Once you are put on probation, you must abide by a number of terms ordered by the court for the entirety of your probation period, and you cannot acquire any new criminal charges. Failing to meet these conditions means that you have violated probation. Probation violations fall into one of two categories according to statutory law: technical and direct violations.
Technical Violations vs. Direct Violations
Technical violations occur when a defendant doesn't comply with a term of probation. Using drugs or alcohol, not completing community service hours, and leaving the state without the permission of your probation officer are examples of technical violations. Direct violations, on the other hand, occur when a defendant is convicted of a new offense. They are generally more serious in the eyes of the court. But regardless of the nature of the violation, violating probation in and of itself warrants serious consequences in Bucks County.
Once the court is notified of a potential violation, they will order you to attend several hearings. One will take place almost immediately after a violation (within 10 days). It's informal and will be conducted before a commissioner or magistrate, rather than a judge. Because it is scheduled so closely after a violation without prior notice, defendants are given the time to retain legal representation. Due to this lack of representation, defendants with direct violations or egregious technical violations may be issued a detainer - an order that prohibits defendants from being released from custody until charges are resolved.
Within 30 days of the initial hearing, a second hearing will be scheduled. This one is much more formal and will be held before a judge. Two elements of your case will be decided in this hearing. First, based on the evidence, a judge will decide if there was an actual violation of probation of the technical or direct nature. If so, then the judge will decide what consequences must be imposed. In worst case scenarios, a person can be sent to prison to complete the remained of their sentence or be re-sentenced. In both cases, defendants are likely to get additional time.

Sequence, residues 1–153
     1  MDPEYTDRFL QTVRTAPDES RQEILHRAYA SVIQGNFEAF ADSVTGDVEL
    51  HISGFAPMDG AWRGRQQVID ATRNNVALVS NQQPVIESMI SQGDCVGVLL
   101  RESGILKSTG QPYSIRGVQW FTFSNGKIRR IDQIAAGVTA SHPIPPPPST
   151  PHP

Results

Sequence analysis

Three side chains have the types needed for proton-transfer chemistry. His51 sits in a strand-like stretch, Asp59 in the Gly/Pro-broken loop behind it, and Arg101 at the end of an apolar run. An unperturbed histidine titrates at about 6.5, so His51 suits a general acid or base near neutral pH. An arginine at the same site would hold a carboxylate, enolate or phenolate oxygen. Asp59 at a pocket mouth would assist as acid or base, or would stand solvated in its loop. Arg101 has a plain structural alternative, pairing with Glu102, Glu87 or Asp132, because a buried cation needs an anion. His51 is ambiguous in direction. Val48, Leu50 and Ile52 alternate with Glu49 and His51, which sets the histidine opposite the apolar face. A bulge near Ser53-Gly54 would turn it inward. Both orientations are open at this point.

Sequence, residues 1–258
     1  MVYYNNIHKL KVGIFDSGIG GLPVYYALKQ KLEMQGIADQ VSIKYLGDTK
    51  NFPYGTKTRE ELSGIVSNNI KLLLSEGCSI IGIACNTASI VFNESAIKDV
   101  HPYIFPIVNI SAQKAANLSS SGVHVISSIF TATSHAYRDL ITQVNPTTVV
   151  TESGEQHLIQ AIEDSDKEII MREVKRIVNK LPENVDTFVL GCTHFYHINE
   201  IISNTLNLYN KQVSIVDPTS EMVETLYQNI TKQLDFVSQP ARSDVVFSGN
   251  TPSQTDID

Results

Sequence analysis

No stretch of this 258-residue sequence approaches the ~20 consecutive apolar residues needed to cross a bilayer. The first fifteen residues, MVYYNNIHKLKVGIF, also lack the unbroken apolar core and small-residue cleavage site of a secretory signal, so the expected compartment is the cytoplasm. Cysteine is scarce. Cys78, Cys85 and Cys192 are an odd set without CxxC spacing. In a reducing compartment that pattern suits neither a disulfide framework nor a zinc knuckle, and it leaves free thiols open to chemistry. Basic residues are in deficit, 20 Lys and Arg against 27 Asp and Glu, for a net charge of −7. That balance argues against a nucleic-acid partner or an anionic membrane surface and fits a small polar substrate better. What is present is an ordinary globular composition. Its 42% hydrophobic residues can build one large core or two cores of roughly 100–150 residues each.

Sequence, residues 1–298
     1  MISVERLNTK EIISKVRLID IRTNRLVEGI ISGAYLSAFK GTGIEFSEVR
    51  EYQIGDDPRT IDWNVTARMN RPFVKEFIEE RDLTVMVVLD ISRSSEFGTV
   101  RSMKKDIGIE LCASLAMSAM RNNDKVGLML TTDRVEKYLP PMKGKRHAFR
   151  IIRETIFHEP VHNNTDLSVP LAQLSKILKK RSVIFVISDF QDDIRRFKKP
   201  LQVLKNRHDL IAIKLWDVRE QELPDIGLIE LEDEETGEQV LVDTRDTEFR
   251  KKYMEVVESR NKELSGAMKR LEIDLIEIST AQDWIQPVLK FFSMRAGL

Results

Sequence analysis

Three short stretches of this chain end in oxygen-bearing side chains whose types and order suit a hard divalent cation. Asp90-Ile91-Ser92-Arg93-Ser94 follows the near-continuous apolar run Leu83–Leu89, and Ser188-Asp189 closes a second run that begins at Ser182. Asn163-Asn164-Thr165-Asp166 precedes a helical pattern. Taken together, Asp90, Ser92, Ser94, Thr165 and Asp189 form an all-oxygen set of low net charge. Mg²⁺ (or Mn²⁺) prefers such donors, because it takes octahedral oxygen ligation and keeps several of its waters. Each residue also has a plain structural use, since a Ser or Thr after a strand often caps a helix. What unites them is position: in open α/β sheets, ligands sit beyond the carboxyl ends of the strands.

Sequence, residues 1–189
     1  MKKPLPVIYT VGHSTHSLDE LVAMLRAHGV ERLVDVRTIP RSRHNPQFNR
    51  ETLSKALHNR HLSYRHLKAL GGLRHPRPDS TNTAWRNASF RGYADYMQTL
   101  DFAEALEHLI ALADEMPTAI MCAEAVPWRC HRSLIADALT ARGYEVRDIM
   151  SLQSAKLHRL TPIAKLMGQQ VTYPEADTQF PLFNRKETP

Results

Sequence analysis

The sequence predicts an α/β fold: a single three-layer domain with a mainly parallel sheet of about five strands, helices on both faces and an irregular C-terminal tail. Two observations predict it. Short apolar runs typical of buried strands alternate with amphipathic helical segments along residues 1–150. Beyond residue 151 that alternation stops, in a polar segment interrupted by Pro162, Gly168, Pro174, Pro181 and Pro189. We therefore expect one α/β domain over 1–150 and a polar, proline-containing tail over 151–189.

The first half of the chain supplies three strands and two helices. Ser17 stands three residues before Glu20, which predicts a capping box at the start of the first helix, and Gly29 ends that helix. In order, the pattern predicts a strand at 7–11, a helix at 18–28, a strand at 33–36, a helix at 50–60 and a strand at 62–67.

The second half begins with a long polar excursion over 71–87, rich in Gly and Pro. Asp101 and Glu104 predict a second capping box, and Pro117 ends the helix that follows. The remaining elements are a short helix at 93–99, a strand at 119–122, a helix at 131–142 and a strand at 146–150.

Why You Need An Attorney
This is why retaining an attorney in these circumstances is vital. An attorney can file a motion to lift a detainer, so you can face a potential violation and/or new criminal charges outside of a jail cell. A legal professional can also challenge the validity of an alleged violation, or present a case that suggests incarceration isn't the most effective sentence for you. Attorneys have been known to pull out all the stops by getting family members to appear in court, or present evidence that suggests you were a productive citizen while you were on probation.
In a hearing, you can also respond to allegations. An attorney can help you prepare a convincing statement to present before the judge.
Let Me Help You - Bucks County Criminal Defense Attorney
For Bucks County defendants facing potential incarceration for a probation violation, the stakes are extremely high. But it is possible to avoid a finding of a violation or imprisonment with the help of an experienced and skilled attorney. Attorney Joseph D. Lento has helped numerous defendants prevail in violation of probation hearings, as well as motions to lift a detainer. His representation has curtailed the consequences of potential violations and helped defendants avoid incarceration by fighting for alternative recommendations. For more information about how he can help you, contact him today.